Only the horses are outside, free to run around in the snow in a fenced paddock before coming back in at the end of the day.
“I was not sure about housing them all under one roof,” Zetterman said. “But it really seems to be working out.”
The right choice for the right people
Farming, he said, is certainly not for everyone but Zetterman is excited about what he views as a rebirth of local agriculture in Maine.
“I love to see not only young farmers, but anyone getting into it no matter how old they are,” he said. “I think we are seeing a real increase in backyard and hobby farms.”
The most recent USDA census data would seem to back that up.
In 2000, there were about 7,000 farmers in Maine and farm acres in production were declining significantly. But that changed. In 2012, the USDA survey counted 8,176 farms and 1.45 million acres of land in farms. Ten years prior, it counted 1.36 million acres of land in farms.
If that trend continues and more people decide to get into farming, Zetterman said the best thing they can do is talk to established farmers and draw upon their knowledge.
“Talk to a bunch of different farmers,” he said. “Eventually you are going to find one you really click with and that becomes the one or ones that really help you out.”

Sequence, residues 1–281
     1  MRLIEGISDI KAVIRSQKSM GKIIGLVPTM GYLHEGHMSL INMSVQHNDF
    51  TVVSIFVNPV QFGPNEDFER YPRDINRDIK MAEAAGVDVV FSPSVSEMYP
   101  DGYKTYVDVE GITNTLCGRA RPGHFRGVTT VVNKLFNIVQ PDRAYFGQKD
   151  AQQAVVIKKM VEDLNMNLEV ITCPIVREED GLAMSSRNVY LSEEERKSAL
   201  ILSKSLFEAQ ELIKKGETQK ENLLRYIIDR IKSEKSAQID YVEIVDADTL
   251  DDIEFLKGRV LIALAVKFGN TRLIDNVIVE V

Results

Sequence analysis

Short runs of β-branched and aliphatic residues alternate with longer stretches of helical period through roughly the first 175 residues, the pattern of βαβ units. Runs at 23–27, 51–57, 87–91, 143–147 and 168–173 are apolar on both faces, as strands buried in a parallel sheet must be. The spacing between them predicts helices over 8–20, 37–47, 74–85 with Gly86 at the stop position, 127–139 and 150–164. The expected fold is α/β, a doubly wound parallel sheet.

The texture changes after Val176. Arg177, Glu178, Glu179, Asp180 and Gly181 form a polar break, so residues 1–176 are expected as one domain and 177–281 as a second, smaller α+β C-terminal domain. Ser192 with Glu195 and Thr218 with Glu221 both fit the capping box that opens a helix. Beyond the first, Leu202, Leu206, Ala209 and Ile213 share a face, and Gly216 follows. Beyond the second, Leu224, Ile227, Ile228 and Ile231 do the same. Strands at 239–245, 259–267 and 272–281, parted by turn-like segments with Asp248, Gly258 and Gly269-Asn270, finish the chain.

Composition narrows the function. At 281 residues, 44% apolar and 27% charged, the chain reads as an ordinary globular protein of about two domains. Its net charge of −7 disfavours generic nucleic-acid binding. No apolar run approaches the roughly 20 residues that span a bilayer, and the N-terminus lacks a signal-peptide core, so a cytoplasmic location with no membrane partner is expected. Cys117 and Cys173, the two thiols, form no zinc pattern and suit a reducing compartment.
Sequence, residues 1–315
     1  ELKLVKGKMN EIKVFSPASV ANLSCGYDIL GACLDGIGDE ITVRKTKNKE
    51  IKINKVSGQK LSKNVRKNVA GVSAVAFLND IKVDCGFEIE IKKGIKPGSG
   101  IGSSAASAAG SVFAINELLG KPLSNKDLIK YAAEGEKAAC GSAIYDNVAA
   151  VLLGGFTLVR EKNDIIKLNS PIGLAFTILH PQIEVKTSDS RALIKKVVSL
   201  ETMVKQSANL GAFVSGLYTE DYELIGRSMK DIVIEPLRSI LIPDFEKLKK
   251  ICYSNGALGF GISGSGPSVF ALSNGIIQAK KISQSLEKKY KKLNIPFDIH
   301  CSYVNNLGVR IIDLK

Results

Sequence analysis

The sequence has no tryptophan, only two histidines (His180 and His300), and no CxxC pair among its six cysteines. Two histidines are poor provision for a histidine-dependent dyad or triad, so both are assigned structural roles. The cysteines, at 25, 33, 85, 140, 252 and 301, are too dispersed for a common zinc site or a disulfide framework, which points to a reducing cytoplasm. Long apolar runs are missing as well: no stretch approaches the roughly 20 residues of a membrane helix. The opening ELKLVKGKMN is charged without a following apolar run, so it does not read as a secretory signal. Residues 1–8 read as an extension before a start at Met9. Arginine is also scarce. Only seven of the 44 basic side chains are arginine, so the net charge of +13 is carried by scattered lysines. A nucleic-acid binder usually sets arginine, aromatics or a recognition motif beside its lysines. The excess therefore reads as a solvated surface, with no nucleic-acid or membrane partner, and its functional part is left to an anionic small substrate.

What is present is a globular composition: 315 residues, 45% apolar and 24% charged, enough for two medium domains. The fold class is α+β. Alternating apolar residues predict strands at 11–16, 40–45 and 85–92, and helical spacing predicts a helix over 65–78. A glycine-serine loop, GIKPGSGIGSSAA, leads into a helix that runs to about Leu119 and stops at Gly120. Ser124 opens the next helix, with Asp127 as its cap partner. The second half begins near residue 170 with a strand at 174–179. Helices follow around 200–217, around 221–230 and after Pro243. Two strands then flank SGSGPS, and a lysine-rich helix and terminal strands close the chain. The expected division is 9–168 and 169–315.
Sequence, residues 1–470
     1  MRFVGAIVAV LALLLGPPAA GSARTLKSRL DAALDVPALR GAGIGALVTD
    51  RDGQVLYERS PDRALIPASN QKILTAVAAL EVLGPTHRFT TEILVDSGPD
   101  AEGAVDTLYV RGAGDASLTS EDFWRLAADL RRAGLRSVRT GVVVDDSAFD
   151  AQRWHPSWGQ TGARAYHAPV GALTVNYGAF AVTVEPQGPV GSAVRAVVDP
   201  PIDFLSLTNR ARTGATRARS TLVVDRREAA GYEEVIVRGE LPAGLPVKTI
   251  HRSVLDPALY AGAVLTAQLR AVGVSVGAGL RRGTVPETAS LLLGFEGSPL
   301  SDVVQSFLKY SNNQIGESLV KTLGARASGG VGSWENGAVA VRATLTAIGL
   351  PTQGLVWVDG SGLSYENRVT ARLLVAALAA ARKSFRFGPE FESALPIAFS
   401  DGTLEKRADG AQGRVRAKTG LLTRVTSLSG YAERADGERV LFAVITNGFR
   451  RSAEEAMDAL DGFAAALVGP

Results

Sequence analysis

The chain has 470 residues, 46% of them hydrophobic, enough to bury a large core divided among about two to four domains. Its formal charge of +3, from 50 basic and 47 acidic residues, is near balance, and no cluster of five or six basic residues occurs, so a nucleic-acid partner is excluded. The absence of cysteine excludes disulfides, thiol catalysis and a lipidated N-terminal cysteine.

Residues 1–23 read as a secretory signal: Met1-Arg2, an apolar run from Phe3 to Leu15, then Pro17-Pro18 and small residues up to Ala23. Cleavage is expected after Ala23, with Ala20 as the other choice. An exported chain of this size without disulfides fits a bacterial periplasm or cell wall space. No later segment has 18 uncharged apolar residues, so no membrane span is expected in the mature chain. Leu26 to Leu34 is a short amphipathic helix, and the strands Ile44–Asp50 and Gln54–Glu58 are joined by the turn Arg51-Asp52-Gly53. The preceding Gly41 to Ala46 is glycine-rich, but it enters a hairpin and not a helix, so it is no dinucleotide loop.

With that kind of relationship, he said, new farmers can avoid mistakes that can impact growing and create real financial problems.
“I certainly made my own mistakes and would love to help others not repeat them,” Zetterman said.
Among the most costly in terms of time and money?
“I once bought a piece of equipment from a farmer and did not realize it had some mechanical problems,” he said. “When it broke down soon after in the fields, it cost as much to fix what was broken as it did to buy it in the first place.”
On the flip side, he said it’s not uncommon for an established farmer to help a newcomer out by selling quality livestock at reduced rates.
“There are people who really want to help,” Zetterman said. “They know that goes into starting a farm and they want you to make it.”
Zetterman plans to keep at it and looks forward to the day when Samson is in the fields with him and his family are full time farmers.
“I hope to one day have this be the only job we have,” he said. “Being a farmer means not only feeding yourself, your family and community — it’s about being your own boss.”